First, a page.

BWW Review: PRISM, Hampstead Theatre
"I wasn't ready."
"That's why I took it."
Jack Cardiff was a British cinematographer, director and photographer. His career lasted through many decades, spanning from the development of cinema, to silent film, and through to the experimentation of using Technicolor. His best-known work is his influential colour cinematography used by directors such as John Huston and Alfred Hitchcock. Cardiff's life is reviewed in Prism, playing at the Hampstead Theatre.
Gorgeous photographs of Marilyn Monroe, Audrey Hepburn and Marlene Dietrich hang around the garage, and an expensive camera is held up on a stand. There's a problem though; the device doesn't work, as it's missing a vital component, the prism. The prism is a miracle of light, and an object that splits this light into a rainbow of three colours, creating a Technicolor fantasy.
The Hampstead always impresses with its technical capabilities, and Tim Shortall's design particularly so. Not only is it visual, but incredibly practical. Set pieces are removed without it being distracting, as the garage turns into a jungle swamp (during the filming of The African Queen) within moments. Shortall's projection of the swampland gives a clear indication of the setting, whilst also being aesthetically exciting.
Written and directed by Terry Johnson, the play cleverly weaves together two time periods: the Fifties and present day. Despite not much happening in terms of dramatic action, the text is full of light-hearted motifs and one-liners, keeping the audience engaged. However, Prism also packs a real punch, as it deals with an illness currently effecting a lot of people: dementia.
Suffering from the disease, Jack doesn't know who he is or who his family are. His son Mason (Barnaby Kay), has requested he write a memoir, however Jack only seems to remember the past without its glory. Riddled with anxiety over the task, he is supported by a carer (Rebecca Night). As Jack, Robert Lindsay gives a masterclass in stage acting. The comedy lands at all the right points and his full embodiment of every Cardiff trait is surreal to watch.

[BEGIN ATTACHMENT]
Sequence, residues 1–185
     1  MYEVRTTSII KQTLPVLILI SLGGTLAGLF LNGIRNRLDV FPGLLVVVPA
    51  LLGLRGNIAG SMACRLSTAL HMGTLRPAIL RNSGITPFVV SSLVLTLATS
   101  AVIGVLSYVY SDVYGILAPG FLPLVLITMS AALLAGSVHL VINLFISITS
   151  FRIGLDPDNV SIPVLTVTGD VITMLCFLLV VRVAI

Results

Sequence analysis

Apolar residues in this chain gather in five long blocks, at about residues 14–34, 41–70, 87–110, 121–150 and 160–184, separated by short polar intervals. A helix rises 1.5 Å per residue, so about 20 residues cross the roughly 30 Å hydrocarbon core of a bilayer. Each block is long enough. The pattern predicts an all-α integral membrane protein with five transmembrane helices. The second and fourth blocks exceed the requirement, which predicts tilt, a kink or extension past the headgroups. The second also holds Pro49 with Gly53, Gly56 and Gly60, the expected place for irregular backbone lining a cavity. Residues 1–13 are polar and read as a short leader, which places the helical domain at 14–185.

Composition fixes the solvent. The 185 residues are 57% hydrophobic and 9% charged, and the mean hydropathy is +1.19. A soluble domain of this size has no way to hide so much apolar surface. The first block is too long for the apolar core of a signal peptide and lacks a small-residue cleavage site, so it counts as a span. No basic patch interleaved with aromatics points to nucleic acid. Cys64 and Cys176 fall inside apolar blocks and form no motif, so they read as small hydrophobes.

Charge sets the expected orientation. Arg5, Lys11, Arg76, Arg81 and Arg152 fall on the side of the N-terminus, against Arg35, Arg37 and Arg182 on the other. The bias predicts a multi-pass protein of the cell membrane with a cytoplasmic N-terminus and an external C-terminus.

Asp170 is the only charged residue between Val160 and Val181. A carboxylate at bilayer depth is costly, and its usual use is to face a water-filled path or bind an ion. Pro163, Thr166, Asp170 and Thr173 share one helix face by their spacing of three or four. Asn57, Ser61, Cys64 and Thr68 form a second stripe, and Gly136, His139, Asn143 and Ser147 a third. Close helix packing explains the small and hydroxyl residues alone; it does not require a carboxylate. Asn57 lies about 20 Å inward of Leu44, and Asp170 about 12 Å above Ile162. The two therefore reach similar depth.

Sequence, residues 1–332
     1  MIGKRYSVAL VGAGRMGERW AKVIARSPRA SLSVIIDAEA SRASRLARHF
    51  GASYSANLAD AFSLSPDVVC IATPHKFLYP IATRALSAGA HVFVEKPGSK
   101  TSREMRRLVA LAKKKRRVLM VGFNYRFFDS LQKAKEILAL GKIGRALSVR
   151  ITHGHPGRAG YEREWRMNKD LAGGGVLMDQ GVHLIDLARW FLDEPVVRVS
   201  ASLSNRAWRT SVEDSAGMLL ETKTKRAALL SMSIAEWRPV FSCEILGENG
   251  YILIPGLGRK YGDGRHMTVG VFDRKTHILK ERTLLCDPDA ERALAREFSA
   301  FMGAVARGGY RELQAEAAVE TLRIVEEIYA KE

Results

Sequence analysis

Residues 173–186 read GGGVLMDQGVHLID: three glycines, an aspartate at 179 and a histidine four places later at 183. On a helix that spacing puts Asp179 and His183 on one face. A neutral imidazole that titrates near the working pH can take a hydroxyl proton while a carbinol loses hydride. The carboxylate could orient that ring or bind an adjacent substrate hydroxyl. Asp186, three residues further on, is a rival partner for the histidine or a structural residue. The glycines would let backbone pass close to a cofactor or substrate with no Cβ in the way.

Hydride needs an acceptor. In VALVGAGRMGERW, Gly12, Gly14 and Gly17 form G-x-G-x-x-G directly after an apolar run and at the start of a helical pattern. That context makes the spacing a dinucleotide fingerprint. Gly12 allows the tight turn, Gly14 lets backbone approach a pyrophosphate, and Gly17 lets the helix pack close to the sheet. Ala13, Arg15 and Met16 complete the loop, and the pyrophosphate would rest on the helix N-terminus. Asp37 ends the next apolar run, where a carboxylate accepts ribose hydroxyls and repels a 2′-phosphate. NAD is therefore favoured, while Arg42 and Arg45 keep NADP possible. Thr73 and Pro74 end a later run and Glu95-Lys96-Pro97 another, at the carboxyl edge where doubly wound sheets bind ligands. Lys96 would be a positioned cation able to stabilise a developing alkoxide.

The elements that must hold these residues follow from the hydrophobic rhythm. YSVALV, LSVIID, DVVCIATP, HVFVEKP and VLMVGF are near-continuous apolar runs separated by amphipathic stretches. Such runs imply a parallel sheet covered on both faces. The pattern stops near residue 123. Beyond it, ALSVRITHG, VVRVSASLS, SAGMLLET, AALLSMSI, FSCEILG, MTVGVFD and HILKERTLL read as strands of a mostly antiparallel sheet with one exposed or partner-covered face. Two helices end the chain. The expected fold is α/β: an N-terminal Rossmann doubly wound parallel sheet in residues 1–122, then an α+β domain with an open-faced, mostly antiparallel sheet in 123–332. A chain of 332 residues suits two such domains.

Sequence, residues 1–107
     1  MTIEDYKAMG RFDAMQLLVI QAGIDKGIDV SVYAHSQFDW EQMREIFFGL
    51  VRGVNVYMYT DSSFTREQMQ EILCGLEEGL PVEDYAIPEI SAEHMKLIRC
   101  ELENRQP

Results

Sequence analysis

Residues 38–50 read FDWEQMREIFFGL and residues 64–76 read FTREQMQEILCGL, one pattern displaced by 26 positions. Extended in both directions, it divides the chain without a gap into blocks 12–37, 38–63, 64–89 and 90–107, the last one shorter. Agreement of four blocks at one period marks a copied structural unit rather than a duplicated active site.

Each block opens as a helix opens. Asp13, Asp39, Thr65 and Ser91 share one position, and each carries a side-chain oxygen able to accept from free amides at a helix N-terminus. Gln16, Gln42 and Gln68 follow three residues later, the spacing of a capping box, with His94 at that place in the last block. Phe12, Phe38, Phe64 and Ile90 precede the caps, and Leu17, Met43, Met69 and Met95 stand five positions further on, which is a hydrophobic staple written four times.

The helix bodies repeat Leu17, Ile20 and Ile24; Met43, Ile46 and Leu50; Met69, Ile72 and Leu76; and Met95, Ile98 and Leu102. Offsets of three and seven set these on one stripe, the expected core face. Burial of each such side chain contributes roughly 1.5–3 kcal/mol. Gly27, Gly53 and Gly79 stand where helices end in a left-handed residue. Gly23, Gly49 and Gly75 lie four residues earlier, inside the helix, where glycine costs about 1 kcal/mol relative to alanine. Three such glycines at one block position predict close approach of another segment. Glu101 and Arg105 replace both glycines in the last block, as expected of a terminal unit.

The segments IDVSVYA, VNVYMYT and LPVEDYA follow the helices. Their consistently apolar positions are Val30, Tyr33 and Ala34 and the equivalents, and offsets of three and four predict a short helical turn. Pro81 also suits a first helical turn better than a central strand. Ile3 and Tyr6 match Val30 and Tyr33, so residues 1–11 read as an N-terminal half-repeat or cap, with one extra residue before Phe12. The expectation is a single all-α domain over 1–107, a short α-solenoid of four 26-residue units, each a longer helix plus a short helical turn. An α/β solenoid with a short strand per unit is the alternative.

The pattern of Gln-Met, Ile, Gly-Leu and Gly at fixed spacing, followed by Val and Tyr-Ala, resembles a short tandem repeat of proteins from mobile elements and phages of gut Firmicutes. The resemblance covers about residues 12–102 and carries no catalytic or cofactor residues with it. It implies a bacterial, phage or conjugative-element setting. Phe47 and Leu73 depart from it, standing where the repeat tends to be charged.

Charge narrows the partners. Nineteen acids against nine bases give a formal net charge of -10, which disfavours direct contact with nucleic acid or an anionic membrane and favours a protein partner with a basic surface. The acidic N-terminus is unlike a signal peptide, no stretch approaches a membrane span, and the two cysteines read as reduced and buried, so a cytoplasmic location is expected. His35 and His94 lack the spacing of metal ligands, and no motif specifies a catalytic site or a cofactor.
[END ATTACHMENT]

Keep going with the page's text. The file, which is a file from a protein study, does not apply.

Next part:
While Lindsay's performance is captivating throughout, his interactions with his wife Nicola, played by Claire Skinner, are some of the most exciting. Skinner effectively puts across the pain she is feeling, and it's clear that Nicola has been mourning the loss of her husband for quite some time.
In the second act we rejoin our characters at their film location. The boys drink martinis and play cards, whilst the ladies swat away flies. Skinner, Kay and Night all impress as they swap to American accents, and this scene plays a vital part in stopping the overall production becoming too glum.
Prism teaches its audience a lot about the film industry, however more importantly, it teaches us about life itself. Life isn't like the movies. It's temporary, whereas film lasts forever. Delicate performances and attentive direction make this play a must-see.
Prism at Hampstead Theatre until 14 October
Photo credit: Manuel Harlan